Nevada Mind The Bollix (previously published as two separate parts) follows the adventures of ageing rocker and British national treasure Geordie Selwyn, as well as his extended family and music industry contemporaries.
Mortz has delivered a fun and funny novel, with plenty of dry British humour, but this is also an ambitious piece of writing. The plot is complex and intriguing. Readers will find murder, tragedy and even an unexpected sci-fi element thrown in for good measure, all of which makes for an original and engaging novel.
There are two main story threads which traverse location and time. In the present day, the characters assemble in Las Vegas for RockQuest, the rock 'n' roll version of The X-Factor, and the marriage of Geordie Selwyn's daughter. Meanwhile, flashbacks to the 1970s interweave the Vegas chapters to narrate the rise of British punk band The Bollix, their inner squabblings and their bloodied New York demise.
The connection between these two threads drives much of the intrigue and becomes apparent through later twists and revelations.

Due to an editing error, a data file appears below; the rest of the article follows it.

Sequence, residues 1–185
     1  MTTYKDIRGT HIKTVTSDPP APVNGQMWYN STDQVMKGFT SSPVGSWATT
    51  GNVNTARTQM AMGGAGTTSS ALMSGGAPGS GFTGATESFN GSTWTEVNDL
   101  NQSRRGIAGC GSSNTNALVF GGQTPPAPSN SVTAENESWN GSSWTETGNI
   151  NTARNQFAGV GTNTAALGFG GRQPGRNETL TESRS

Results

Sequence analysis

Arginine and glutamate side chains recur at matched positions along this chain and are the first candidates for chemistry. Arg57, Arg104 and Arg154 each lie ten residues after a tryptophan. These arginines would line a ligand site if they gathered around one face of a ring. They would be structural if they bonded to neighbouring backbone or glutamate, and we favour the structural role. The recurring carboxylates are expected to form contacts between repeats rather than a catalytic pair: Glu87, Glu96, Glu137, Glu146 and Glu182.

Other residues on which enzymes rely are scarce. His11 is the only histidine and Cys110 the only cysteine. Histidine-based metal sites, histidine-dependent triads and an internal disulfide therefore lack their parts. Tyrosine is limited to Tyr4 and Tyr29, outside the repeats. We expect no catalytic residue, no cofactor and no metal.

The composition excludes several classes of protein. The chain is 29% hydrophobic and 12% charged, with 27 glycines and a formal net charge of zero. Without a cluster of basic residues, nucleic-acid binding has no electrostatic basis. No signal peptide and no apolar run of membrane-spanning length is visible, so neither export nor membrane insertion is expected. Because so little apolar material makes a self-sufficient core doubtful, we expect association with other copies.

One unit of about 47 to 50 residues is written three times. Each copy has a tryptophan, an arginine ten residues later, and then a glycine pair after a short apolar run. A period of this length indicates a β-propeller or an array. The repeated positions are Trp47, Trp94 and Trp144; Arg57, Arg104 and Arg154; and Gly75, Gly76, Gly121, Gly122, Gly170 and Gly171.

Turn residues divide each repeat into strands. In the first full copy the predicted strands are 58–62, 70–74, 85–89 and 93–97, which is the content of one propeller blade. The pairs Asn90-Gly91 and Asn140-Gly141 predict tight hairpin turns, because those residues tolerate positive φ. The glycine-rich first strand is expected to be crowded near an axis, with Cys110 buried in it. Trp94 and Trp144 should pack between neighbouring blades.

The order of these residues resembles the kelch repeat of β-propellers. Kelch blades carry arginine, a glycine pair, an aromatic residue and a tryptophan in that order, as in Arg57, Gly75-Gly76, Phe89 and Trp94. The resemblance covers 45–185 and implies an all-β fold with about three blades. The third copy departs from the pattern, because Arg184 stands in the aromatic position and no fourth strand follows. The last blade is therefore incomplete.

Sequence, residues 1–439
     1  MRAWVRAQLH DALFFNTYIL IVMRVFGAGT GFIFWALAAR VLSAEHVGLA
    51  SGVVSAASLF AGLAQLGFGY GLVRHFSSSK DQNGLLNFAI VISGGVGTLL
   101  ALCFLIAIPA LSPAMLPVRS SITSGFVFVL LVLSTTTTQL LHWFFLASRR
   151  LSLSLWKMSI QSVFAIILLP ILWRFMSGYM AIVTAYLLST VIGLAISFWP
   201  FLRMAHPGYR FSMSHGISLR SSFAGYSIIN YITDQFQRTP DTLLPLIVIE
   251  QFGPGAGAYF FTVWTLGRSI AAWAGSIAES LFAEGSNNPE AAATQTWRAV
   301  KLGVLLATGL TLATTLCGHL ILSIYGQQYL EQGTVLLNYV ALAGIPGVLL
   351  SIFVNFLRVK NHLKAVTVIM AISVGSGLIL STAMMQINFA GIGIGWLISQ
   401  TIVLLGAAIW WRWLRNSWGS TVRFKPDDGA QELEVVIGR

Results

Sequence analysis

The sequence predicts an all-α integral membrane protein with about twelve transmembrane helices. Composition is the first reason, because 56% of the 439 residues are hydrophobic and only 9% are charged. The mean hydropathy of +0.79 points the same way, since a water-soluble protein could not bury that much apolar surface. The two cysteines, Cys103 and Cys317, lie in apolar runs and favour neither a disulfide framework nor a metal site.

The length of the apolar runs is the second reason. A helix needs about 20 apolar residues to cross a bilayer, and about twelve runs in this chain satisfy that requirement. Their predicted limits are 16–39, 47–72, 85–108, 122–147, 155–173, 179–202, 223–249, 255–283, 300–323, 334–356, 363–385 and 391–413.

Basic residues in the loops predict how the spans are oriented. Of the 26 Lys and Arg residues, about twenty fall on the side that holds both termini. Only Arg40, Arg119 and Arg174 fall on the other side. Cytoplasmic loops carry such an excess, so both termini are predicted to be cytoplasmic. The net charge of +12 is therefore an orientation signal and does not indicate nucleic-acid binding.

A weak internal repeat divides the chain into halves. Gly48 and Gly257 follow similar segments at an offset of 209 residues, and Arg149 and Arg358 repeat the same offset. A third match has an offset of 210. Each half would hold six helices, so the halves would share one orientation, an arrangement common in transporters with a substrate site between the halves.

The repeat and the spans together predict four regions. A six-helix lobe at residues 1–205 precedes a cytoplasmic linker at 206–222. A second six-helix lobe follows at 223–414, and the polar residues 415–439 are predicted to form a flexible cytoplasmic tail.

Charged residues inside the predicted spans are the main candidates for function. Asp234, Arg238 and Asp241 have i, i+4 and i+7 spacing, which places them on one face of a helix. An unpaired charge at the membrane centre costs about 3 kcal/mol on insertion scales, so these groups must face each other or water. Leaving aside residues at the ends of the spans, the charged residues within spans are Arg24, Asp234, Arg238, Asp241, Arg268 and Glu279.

And I have to mention the aliens. If the above plot threads were not enough, there is also the matter of humanoid aliens, the Harvesters, residing in a secret Nevada desert base. Their mission is to harvest the apparent eternal youth of Earth rock 'n' roll royalty through their shadowy music company PLM. It sounds barmy but it works brilliantly. Aliens are a perfect fit for the already surreal world of A-list rock stars.
But whilst the plot is expertly woven, the real highlight is the cast of characters. NMTB is a vast epic, with enough narrative viewpoints to rival Game of Thrones. Each character is brilliantly-crafted and Mortz adeptly switches perspectives between rockers, music producers, groupies, rookies and even a dog.
There are so many memorable characters. It is hard to know where to start: the rascal Geordie Selwyn, granddaddy of rock; fellow rocker Chaz Lawrence, the Australian equivalent to Geordie and all-round bad influence; evergreen heartthrob Daniel Spectrum, who seemingly does not age; Eva Goodman-Selwyn, the power behind Geordie's throne; formidable queen bee, Ruby Nathen; self-destructive groupie Franni H; good egg Sebastian Hardwick, the British Minister for Music; and endless others.
The sheer level of world-building suggests that Mortz could confidently turn her pen to fantasy in the future, having invented characters, bands, songs, music companies, complex backstories and the intricate Selwyn family tree. NMTB could easily be the start of a much bigger franchise and deserves its own legion of groupies.
Rock on, Mortz!
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